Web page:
Travel in Africa is really cheap. But it comes at a different sort of price–it’s uncomfortable and sometimes dangerous. Put it this way, you’ll get to know your heart and breath a lot better, and maybe have more conversations with those guiding forces from ethereal lands.
In each town, local min-vans will zip you to wherever you want to go from anywhere from 20cents to a couple of bucks. Mini-vans, otherwise known as matutus, or pick up trucks can also take you on longer distances between towns for a couple of bucks more. Buses will cost anywhere from $3-$32 depending on distances.
Train journeys although infrequent are more comfortable and safer. A second or first class sleeper is the best way to travel and fares are usually around $20-$30.
In South Africa, taking the on-off Baz bus, made especially for travellers is a comfortable and luxurious form of travel (after 4 months of pick ups it’s heaven). Tickets start from $175 and are quite flexible in their itineraries for taking you to the main backpacker areas.
You are going to need careful planning for your safaris. They can get really expensive and you have to be selective about which parks you go to. We wanted to go to everyone but it is just not possible.
Do your research. You can read more about our African safari tips. You really only need 2-3 days max in the parks. It can get very tiring looking for the animals.
You have to weigh up the costs of doing a safari with your own hire car, or on a guided tour. It is usually best to book the tour when you arrive in the nearest town to the park. We only went on a guided tour for the Masai Mara, all the rest we hired cars for.
3 day camping budget safari tours of the Masai go for about $400 pp all inclusive. This would be a better option in Kenya as car hire is not as easy as it is in South Africa and Namibia. Costs for guided safaris in South Africa for the game parks are a lot more. Car hire is cheaper. You can hire cars for as little as $30 in South Africa, in other areas from about $75- $100 a day.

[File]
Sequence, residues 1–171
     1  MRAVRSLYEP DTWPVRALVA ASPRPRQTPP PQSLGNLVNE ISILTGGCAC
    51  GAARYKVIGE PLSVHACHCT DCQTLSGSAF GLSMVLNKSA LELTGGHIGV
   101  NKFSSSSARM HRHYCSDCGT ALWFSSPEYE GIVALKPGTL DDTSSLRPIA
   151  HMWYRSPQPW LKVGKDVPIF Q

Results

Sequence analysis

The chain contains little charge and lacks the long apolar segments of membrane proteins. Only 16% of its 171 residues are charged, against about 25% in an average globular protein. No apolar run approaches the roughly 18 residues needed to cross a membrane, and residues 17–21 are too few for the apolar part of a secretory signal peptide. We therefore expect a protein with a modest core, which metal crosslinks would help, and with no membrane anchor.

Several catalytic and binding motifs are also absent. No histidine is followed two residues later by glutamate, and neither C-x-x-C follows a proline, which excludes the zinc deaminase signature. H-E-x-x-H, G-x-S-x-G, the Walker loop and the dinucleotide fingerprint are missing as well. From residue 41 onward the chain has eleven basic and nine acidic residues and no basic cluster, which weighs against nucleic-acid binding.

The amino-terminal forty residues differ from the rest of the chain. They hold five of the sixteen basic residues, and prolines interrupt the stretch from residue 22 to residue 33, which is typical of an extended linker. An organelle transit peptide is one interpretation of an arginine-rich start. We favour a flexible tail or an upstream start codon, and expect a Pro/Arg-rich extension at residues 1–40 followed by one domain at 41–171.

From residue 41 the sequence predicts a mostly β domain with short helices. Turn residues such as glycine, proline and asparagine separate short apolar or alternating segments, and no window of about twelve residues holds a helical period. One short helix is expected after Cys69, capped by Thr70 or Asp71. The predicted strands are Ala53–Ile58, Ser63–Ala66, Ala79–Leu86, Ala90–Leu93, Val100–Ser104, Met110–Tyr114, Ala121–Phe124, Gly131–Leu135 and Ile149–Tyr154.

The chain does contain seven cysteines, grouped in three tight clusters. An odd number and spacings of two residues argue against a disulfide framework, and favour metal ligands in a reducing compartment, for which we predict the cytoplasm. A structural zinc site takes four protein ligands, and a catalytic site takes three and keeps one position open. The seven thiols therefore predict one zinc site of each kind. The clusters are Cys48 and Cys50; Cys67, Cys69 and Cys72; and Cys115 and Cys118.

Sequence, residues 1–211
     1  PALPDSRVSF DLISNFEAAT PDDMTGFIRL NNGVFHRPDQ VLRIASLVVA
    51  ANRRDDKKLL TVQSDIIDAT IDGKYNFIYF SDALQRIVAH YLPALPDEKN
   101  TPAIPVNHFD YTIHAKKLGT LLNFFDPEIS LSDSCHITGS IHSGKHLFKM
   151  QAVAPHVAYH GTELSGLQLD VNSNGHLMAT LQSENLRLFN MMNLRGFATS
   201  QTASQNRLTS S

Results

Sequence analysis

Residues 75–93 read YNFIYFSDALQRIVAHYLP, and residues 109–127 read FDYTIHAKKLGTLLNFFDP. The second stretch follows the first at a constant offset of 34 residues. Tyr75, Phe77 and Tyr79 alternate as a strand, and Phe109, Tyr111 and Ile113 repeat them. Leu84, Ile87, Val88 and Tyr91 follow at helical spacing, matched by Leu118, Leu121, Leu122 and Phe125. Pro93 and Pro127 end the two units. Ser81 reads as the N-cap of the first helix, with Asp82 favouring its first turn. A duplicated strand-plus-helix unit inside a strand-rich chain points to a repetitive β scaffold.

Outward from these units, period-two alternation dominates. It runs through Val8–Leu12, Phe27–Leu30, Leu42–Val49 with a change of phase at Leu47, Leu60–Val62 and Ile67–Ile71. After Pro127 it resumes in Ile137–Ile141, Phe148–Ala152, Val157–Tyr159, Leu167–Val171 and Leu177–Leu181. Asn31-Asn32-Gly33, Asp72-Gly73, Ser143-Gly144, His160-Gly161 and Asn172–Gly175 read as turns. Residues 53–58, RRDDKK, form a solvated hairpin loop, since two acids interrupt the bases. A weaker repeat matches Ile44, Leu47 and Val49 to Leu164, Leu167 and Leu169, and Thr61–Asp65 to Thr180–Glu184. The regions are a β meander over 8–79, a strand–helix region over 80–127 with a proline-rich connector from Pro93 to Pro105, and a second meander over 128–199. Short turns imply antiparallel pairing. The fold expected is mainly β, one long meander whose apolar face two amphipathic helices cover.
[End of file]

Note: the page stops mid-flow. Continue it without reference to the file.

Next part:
When you work out the costs of car hire (watch for extra mileage charges), fuel, accommodation and food, it usually works out to be cheaper, more practical and flexible to do it yourself. To reduce the cost of the expensive car hire, we camped at the designated campsites and cooked our own meals around the campfire. We do recommend allowing for extra costs such as guided night drive or walking safari. Limit this to just once, in one park. Allow for around $300- $400 for a 3-day do-it-yourself safari. The more people you can travel with the less that will work out individually. If you are on your own, then a tour might just be easier.
Consider hiring a car for a longer period of time and fitting in other activities as well. We hired a car for a week to drive along the beautiful Garden Route in South Africa, taking in Addo Elephant park at the same time.
Didn’t Craig and I get off lightly for this one? Right time, right place. It cost us $250 each for the licence to trek for gorillas in Uganda and then it cost about another $20 each to get there (which is a lot for African travel). My brother did the trek in August for $600 each and it is soon to go up to $750. This is only for an hour. You can take comfort in the fact that a lot of this money goes to gorilla conservation. It is a once in a lifetime opportunity. Plan for it and make room for it in your budget. Camping is looking more attractive now, right?
To stretch your money out and make up for the expensive safari days, there will be plenty of down days where you are only spending money on accommodation and food. You can get away with doing this for as little as $10, depending on your choices. These are some of your best days. Spend them exploring local villages, visiting markets, hiking mountains, lazing at beaches, and relaxing on the edge of lakes.